Blurred Lines.

The above title of course comes from Robin Thicke's massively successful and ultra controversial 2013 pop hit. However, I don't want to delve into the many debates on sexual politics that that particular song raised, but rather explore what I believe are the blurred lines which are apparent when it comes to censorship and the movies. So, I'll be leaving behind my main topic of mental health for this post, and instead indulging another one of my passions: the cinema.
The idea for this post came to mind as I was watching "Stranger by the Lake", a 2013 French drama/thriller set at a cruising spot for men. The film contained extremely explicit scenes, with the two male leads engaging in what appeared to be real, unsimulated sex. So, what I began to wonder was, would such scenes be passed with an 18 certificate were this not an art house movie, the audience for which would probably be regarded as middle class and culturally sophisticated? Indeed, isn't there a class bias when it comes to censorship and the cinema? And, just where is the line to be drawn between what is art and what is pornography?
"Stranger by the Lake" is, of course, not the first film to show apparently real sex acts. At the end of the '90s and beginning of the noughties there were a number of films which showed unsimulated sex, perhaps the most famous of these being Catherine Breillat's "Romance", Lars von Trier's "The Idiots", Leos Carax's "Polar X", Patrice Chereau's "Intimacy", and Virgine Despentes's and Caroline Tinh Thi's "Base Moi". Closer to home there was Michael Winterbottom's "9 Songs". What all these films had in common, as well as their explicit sexual content, was that they were undoubtedly art house movies. As such they were all passed by the censor for release and the era of art house porn was born. But what raised these movies above the level of simple pornography and made them, rather, arty and erotic?
Susan Sontag once praised pornography as a sort of liberating aesthetic, saying that, "violence, sexuality, absurdity and extreme states of human experience can be a corrective to the pervasive psychological and moral narrowness of American life." However, it seems that in her writing, Sontag was only defending such material when it appeared in classical literature, making a distinction between "something to do with art, as opposed to strictly commercial or sleazy product." Such distinctions resulted in some, like Adam Kirsch, to claim that Sontag was really just "an enforcer of literary and cultural hierarchies."
So, is it really possible to make such distinctions without engaging in some form of prejudice? Indeed, can you really separate art house porn from its strictly commercial or sleazy partner? Is it not just that, in the parlance of the British Board of Film Classification, art house porn is seen as less likely to "deprave or corrupt" its audience because its audience is of a supposedly higher and more sophisticated social echelon? All I can say is, that after watching films like "Stranger by the Lake", one is left pondering just how blurred the lines between class and censorship, art and pornography, can become.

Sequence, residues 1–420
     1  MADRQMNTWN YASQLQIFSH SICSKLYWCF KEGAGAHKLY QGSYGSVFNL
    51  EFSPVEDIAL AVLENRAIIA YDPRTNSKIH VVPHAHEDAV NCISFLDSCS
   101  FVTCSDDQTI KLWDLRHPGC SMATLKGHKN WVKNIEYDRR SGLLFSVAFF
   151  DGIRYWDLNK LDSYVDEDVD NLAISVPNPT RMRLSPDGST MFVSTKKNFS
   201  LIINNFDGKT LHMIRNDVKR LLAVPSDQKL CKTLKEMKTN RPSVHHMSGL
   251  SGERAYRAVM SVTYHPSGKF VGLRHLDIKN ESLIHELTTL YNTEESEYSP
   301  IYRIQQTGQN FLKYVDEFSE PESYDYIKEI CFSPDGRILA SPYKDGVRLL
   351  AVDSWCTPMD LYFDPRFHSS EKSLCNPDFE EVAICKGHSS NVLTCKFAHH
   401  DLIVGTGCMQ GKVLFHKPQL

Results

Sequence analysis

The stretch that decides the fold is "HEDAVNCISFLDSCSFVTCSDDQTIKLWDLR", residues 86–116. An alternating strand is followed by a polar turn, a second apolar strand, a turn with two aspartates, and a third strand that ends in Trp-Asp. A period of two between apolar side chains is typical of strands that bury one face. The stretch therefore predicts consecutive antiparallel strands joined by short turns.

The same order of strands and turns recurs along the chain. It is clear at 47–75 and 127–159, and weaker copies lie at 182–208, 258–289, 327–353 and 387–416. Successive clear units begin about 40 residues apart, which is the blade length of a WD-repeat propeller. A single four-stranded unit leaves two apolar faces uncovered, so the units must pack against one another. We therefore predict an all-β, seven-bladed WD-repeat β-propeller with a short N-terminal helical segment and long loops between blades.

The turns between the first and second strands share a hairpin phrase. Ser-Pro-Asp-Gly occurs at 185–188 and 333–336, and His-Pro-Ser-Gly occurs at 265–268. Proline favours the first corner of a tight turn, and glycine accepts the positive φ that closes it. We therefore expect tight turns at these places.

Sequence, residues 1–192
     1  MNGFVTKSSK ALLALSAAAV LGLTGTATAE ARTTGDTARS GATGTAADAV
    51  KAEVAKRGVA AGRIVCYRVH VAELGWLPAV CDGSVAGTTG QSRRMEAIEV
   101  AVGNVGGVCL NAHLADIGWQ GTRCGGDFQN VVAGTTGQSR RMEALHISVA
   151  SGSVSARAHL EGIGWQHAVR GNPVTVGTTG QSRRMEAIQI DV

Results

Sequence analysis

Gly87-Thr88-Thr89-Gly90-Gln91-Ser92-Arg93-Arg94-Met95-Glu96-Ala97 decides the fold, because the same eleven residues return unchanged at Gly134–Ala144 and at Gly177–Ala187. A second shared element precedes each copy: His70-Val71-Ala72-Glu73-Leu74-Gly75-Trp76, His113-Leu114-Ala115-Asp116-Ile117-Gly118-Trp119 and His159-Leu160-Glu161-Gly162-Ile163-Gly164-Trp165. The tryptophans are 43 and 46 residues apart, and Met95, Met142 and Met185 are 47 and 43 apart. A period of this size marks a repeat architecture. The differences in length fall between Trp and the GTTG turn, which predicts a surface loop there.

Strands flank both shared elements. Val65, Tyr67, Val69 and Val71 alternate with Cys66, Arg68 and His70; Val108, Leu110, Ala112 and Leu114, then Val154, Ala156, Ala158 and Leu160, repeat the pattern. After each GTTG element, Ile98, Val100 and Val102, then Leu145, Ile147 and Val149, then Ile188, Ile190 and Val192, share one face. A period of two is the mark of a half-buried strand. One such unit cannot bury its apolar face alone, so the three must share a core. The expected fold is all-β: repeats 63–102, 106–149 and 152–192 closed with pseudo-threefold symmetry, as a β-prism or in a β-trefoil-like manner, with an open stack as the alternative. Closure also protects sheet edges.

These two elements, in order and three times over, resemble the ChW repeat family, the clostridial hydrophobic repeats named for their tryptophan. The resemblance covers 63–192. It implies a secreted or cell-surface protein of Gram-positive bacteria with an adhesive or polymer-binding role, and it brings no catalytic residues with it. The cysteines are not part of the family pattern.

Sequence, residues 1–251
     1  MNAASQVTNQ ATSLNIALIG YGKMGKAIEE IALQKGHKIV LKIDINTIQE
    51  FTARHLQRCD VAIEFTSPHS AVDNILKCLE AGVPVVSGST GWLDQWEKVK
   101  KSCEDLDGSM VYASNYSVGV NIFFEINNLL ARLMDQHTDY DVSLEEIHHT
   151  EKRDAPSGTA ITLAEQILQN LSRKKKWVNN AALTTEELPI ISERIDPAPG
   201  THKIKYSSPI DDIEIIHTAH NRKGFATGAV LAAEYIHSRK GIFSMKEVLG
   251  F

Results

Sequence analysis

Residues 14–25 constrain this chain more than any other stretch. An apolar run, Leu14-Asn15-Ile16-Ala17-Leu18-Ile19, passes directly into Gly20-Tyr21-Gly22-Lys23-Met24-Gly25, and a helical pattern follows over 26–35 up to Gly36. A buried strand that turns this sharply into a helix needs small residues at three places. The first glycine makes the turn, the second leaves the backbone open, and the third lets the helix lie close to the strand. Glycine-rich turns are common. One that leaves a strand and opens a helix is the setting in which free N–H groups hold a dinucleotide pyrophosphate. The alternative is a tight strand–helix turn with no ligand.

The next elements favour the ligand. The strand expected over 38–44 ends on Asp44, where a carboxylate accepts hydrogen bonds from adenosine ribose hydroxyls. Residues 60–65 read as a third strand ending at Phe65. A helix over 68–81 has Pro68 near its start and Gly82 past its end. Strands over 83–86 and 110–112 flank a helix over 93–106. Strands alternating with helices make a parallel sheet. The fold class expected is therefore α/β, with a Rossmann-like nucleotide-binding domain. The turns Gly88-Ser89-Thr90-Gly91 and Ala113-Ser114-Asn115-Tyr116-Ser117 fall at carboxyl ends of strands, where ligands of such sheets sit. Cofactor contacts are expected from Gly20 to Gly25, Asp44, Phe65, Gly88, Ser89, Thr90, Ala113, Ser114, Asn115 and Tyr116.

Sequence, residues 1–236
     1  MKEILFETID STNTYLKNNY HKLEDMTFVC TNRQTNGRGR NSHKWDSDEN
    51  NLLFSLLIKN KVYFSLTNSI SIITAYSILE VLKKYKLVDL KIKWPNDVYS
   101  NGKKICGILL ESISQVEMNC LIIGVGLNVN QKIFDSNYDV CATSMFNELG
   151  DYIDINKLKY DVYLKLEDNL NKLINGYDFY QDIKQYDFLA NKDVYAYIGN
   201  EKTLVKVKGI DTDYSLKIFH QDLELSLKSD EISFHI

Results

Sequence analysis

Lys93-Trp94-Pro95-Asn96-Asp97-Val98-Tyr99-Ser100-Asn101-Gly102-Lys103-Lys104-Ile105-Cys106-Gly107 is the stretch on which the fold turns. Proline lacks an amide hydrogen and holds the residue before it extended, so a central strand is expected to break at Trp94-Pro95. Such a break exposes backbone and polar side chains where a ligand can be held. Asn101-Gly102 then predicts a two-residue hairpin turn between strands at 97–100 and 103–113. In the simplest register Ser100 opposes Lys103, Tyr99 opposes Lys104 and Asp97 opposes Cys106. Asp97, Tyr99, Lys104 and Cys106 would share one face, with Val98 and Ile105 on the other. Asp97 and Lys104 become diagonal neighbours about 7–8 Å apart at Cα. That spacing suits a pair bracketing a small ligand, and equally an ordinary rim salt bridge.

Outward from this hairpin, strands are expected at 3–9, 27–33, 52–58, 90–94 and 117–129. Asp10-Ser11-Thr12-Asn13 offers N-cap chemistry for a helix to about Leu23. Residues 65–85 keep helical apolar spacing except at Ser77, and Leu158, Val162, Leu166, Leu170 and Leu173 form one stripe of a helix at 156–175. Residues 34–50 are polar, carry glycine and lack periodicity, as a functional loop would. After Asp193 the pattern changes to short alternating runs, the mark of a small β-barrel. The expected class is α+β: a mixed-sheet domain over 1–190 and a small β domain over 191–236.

Dixie@dcrelief said…
Hi David. I'm such freak for funny movies; give me humour!
Recently I watched "1984" again - maybe my fourth time watching it. Then I took on a re- view of "Brave New World." The 'blurred lines' are gone from those movies. Is that where we're headed, given the desensitizing of today's cinema?
Be well my friend.
bazza said…
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bazza said…
Hi David. I really enjoy your movie-based posts - you should do more of them!
I believe there is a definite class divide when it come to any kind of censorship. In these cases it depends entirely upon who the perceived audience are.
I often record French films on TV and once I recorded 'Blaise Moi' never having heard of it.I nearly fell off my chair when I saw it. (In fact there were parts where I had to rewind and watch again because I thought my eyes were deceiving me. Honest guv!)
In a way I thinks it's shame that all barriers seem to be coming down because it's then a short step to letting anybody say or show anything. Then you have carte blanche for, say, racial incitement etc.
CLICK HERE for Bazza’s fabulous Blog ‘To Discover Ice’
David said…
Hi Dixie,
Who knows where we're headed? Perhaps some would say that the societies of "1984" and "Brave New World" are closer than we might think.
As for the desensitizing of today's cinema, I suppose one has to be careful where one draws the line. As my post attests, censorship shouldn't be based on class distinctions, and if certain things are judged to "deprave and corrupt", it is interesting how they never seem to deprave or corrupt the censors themselves!
Thanks for your comment, Dixie, it's great to have you back.
Very Best Wishes,
David said…
Hi bazza,
Thanks for your interesting comment, and I'm glad you enjoy my sometime forays into movie land.
It might be a shame that all the barriers seem to be coming down, but I would just say that there are laws in place to deal with things like racial or religious incitement. An interesting question is just what constitutes that sort of thing, and who decides which material is inflammatory.
And, of course I believe you about your viewing of "Base Moi". Thousands wouldn't!
Very Best Wishes,
Dixie@dcrelief said…
Hi David, I hope you've been able to get those lines more focused. Just stopped by to leave a hello!

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